The jinx in India-Pakistan matches

Note: This was written before the start of the 2017 Champions Trophy.

It is often said that India dominates Pakistan in ICC tournaments. Hence the “Mauka Mauka” ads which aired at the beginning of the 2015 World Cup.

Let us see take a closer look at the history of these encounters. First, the World Cup:

I v P World Cup

India and Pakistan never met in the World Cups of 1975, 1979, 1983 and 1987. They were somehow always drawn in different groups so they could have met only in the semi-finals or finals. It was not until 1992 that they met in the World Cup. In that tournament all teams played each other in the knockout stage.

They met in the quarter-finals in 1996, Super Six in 1999, and a pool match in 2003. India won all these matches so the feeling of a jinx over Pakistan kept growing.

In 2007, both India and Pakistan were jinxed and failed to proceed beyond the pool stage, being displaced by Bangladesh and Ireland respectively.

In 2011, India won in the semi-final and repeated this in a pool match in 2015. So India have won all 6 encounters.

If you want to see the scorecards, open this link and click on the blue square on the extreme right.

http://stats.espncricinfo.com/ci/engine/stats/index.html?class=2;filter=advanced;opposition=7;orderby=start;team=6;template=results;trophy=12;type=team;view=results

Now we go to the T20 World Championship. We will come back to the Champions Trophy at the end.

I v P T20

The teams met twice in the inaugural championship in 2007. Though the match in the pool stage was a tie, India got the winner’s points as they won in the bowl-out which was then the method used to determine the winner of a tied match.

Then India won against Pakistan in the final. The teams did not meet in 2009 and 2010. India won the next three encounters in 2012, 2014 and 2016. All of these were in the group stages and not the semi-final or final. Thus India leads 5-0 (including the tie) in the World T20 Championship.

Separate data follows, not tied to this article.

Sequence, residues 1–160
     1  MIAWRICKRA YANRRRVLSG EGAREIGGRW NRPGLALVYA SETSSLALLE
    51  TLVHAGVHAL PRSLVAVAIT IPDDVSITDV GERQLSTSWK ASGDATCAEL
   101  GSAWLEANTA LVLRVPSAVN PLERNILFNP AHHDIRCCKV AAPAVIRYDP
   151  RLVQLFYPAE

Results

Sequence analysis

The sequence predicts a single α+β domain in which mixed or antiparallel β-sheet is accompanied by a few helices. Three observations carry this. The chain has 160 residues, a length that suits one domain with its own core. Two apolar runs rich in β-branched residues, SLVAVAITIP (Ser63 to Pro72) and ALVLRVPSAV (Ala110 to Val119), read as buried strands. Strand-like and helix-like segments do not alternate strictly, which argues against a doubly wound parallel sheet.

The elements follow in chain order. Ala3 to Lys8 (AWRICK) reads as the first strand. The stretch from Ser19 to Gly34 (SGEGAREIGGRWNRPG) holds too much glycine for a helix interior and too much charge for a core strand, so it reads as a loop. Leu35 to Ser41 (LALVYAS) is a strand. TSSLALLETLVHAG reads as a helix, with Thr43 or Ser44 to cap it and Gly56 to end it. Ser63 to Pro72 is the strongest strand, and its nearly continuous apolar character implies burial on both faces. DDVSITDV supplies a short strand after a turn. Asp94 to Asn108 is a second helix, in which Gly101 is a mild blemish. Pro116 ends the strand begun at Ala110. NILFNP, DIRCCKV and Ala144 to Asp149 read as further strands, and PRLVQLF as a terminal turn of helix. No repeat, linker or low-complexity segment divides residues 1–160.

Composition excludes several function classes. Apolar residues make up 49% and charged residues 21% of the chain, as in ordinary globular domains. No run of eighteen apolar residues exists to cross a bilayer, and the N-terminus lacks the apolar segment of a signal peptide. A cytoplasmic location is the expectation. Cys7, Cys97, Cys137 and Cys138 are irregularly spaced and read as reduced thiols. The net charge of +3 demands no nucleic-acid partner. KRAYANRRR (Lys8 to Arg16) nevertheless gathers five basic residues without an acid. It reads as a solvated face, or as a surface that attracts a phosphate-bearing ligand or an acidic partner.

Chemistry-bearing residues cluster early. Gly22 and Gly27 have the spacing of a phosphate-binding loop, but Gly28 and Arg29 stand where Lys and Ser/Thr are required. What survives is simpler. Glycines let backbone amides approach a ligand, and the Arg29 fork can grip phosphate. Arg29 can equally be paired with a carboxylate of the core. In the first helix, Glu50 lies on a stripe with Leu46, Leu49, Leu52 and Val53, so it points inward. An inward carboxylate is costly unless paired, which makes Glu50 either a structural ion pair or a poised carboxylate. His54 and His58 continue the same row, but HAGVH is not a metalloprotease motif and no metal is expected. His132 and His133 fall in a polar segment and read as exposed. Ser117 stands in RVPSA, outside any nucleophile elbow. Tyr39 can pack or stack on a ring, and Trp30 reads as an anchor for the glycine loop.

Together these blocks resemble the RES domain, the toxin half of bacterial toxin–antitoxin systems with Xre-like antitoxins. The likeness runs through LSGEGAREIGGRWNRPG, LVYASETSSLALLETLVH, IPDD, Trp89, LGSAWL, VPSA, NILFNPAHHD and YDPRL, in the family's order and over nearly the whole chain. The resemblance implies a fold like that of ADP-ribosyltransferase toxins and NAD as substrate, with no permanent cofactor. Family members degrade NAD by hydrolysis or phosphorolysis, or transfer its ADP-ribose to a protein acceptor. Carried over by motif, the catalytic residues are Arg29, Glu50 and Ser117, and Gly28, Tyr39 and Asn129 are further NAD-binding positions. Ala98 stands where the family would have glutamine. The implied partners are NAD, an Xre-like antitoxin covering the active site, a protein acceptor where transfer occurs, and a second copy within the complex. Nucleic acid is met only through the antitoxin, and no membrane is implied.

You can see the scorecards from this link:

http://stats.espncricinfo.com/ci/engine/stats/index.html?class=3;filter=advanced;opposition=7;orderby=start;team=6;template=results;trophy=89;type=team;view=results

For details of the bowl-out in the first match in 2007, see the commentary section rather than the scorecard.

But the story in the Champions Trophy is somewhat different:

I v P Chamions

India and Pakistan did not meet in 1998, 2000 or 2002 (when India shared the trophy with Sri Lanka). Pakistan won the first encounter in 2004 in the group stage. They did not meet in 2006. Pakistan won in 2009, also in the group stage. India finally won in 2013, in a group match on their way to the trophy.

So the jinx on Pakistan in ICC tournaments does not apply to Pakistan in the Champions Trophy, where they lead India 2-1. Let us see what happens when they meet on June 4. India currently has a higher ranking than Pakistan, but that has no bearing in high-tension encounters like these.

See the scorecards here:

http://stats.espncricinfo.com/ci/engine/stats/index.html?class=2;filter=advanced;opposition=7;orderby=start;team=6;template=results;trophy=44;type=team;view=results

 

 

90s in T20I cricket

Having looked at 90s (mainly 99s) in Tests and ODIs, we turn to T20Is. Since there are very few 99s here, we look at 90s.

To begin with, here are the full list of 90s in T20I matches since their start in 2005:

T20 all 90

There are only two 99s here: by AD Hales in 2012, and an unbeaten 99 by LJ Wright also in 2012. That was in the T20 World Championship.

CH Gayle is the only one to make two 90s in this format, in 2010 and 2015. On the first occasion he was captain, during the T20 world championship (not World Cup as it is often wrongly called).

90s on T20I debut:

T20 deb 90

Remember, that was the very first T20I match.

Now we look at

90s by captains in T20I:

T20 capt 90

Ponting’s 98* again, with Gayle and SPD Smith.

We take a closer look at unbeaten 90s:

T20 unbt 90

The highest is 99* by LJ Wright, followed by 98* by RT Ponting, M Jayawardene and Ahmed Shehzad and 97* by HM Amla

Finally we look at unbeaten 90s in the second innings:

T20 90 in 2nd

While Gibbs and Guptill made these scores in successful run chases, Root’s score was for a losing side.

The highest score by a captain in a successful run chase is 75* by CO Obuya for Kenya vs Netherlands in 2013. Among the Test nations, it is 73* by KS Williamson for New Zealand  vs Bangladesh earlier in 2017.

 

 

 

Scores which have never been made

To be precise, individual scores which have never been made in the different formats of Tests, ODIs and T20Is. Data is correct as on 3rd April 2017.

In all these cases * indicates “not out”. I feel that it is better to distinguish between the out and “not out” cases for each score. While some of the “not out” scores may have been scored in the course of an innings, they have never appeared in the final scorecards.